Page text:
Generally, courts will not scrutinize the business decisions of litigants. Concerns arise, however, when such decisions are improperly made for the purposes of abusing the judicial process. One business decision that has received attention in the context of patent law is the formation of anonymous shell companies.
Critics allege that these anonymous companies are frequently formed to hide the real parties in interest rather than for legitimate protection of personal or corporate assets. The company may be undercapitalized to avoid a fee-shifting award, may be hiding information about relevant witnesses or company principals, or may be trying to obstruct the efficient collection and analysis of patent licensing and enforcement activity.
Some efforts have been made by the judiciary to carefully monitor cases to prevent such abuses.
One recent example of judicial criticism of shell companies came out of the Eastern District of Texas. In Iris Connex v. Dell, the Court awarded attorney’s fees and imposed sanctions against an individual who brought a frivolous patent infringement suit through an empty shell company for the purpose of avoiding personal liability for such fees and sanctions. Iris Connex, LLC v. Dell, Inc., 235 F. Supp. 3d 826 (E.D. Tex. 2017). Following summary judgment in defendant Dell’s favor, Dell sought attorney’s fees pursuant to 35 U.S.C. § 285. Id. at 837. In light of “serious allegations” raised by Dell as to plaintiff Iris Connex’s true identity and the Court’s assumption that “there must be a real but hidden party in interest,” the Court took the unusual step of ordering targeted post-judgment discovery. Id. After the close of post-judgment discovery, the Court found that Iris Connex’s real party in interest, Brian Yates, “made an intentional decision to create and undercapitalize Iris Connex as an empty shell,” suggesting that Yates “intended to game the judicial system as part of a pattern of continuing conduct.” Id. at 851. According to the Court, the suit would have never been filed but for Yates’ “calculated assumption that he could insulate himself personally from the possible application of Section 285.” Id. at 846.
The Court explained that the purpose of Section 285 is to “deter frivolous claims and bad faith litigation,” along with “lawsuits that are simply exceptional in that they ‘stand out.’” Id. at 845. The Court further explained that “Congress enacted Section 285 to provide incentives to defend against frivolous infringement claims because doing so benefits the public.” Id. at 846. However, “[f]or such a deterrent to mean something it must reach the person or entities that cause or contribute materially to the exceptional nature of the case.” Id. at 845. In other words, “[t]he lack of deterrence caused by empty shell plaintiffs negates the incentive to vigorously defend against meritless claims when there are no practical means by which to recover costs.” Id. at 846.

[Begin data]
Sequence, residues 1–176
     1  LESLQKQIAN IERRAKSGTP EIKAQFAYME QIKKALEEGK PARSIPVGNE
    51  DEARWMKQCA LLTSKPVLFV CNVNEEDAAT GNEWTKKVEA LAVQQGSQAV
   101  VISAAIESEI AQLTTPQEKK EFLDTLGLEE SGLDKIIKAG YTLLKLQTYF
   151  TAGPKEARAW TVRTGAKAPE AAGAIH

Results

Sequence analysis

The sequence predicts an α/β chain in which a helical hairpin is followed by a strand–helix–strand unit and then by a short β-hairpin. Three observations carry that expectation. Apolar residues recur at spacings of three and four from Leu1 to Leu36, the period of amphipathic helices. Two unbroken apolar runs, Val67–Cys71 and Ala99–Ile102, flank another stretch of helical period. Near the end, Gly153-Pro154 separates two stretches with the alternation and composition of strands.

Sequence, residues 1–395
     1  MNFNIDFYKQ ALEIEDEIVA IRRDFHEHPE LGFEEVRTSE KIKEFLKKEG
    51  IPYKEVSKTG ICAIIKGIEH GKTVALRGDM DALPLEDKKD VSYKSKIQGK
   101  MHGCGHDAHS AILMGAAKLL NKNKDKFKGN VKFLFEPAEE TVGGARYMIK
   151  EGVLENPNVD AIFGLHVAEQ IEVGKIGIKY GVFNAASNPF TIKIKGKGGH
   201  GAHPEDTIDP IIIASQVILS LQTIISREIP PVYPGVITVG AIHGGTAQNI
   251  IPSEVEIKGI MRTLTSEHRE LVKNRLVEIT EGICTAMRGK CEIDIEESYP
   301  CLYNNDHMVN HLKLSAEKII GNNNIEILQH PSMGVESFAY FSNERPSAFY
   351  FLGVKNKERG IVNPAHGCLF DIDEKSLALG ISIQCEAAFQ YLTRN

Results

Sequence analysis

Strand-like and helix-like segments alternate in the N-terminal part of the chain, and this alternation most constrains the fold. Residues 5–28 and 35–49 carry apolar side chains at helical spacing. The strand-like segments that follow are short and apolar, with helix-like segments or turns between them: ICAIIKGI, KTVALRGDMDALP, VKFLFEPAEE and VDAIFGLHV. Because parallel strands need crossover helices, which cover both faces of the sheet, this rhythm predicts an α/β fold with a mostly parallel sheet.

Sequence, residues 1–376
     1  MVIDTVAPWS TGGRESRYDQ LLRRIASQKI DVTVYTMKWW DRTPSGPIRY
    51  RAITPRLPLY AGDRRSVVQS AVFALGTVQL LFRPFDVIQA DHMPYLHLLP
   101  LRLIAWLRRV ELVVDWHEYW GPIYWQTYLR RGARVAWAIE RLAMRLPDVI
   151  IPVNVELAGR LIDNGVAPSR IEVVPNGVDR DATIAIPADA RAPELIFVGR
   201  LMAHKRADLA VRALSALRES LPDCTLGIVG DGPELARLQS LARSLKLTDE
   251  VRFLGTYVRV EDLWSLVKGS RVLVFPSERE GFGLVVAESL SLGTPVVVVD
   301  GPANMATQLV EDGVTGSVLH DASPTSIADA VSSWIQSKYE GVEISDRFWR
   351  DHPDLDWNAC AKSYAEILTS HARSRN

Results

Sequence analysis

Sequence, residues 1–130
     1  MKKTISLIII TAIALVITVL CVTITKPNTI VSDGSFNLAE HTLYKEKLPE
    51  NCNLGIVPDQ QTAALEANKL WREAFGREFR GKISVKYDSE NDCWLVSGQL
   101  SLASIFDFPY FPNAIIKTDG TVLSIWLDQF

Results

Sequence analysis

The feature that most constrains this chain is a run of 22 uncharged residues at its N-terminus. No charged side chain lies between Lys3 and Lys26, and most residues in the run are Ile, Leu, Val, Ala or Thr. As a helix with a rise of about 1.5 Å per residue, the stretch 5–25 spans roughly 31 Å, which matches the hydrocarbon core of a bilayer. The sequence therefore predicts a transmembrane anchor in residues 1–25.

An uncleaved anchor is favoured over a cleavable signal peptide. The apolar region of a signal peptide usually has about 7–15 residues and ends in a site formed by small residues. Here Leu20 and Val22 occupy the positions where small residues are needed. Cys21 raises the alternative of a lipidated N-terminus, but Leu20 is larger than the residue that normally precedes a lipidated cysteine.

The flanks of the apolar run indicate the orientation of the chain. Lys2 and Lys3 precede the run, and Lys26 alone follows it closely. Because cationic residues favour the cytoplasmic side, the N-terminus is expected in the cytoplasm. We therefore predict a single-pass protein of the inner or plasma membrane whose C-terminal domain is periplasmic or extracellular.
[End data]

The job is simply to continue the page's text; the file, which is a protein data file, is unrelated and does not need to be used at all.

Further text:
Finding the case exceptional under Section 285 for, among other reasons, Yates’ abuse of the judicial system by setting up empty shell companies to shield himself from Section 285, the Court held Iris Connex and Yates jointly and severally liable for the Section 285 fees awarded to Dell. Id. at 846–55. The Court also imposed sanctions against Yates under its inherent authority, holding that “one cannot abuse the judicial process through the creation of shell entities to facilitate the assertion of otherwise meritless claims as part of a scheme to avoid the risks that Section 285 creates.” Id. at 860. In conclusion, the Court explained that this case was “the clearest example of an exceptional case,” and “if this case is not an exceptional case, then there are none.” Id. at 863.
Nevertheless, attempts have also been made in the Legislature to curtail these abuses by requiring the disclosure of a shell company’s real parties in interest. These laws tend to take an approach of requiring the disclosure of the real parties in interest of these companies.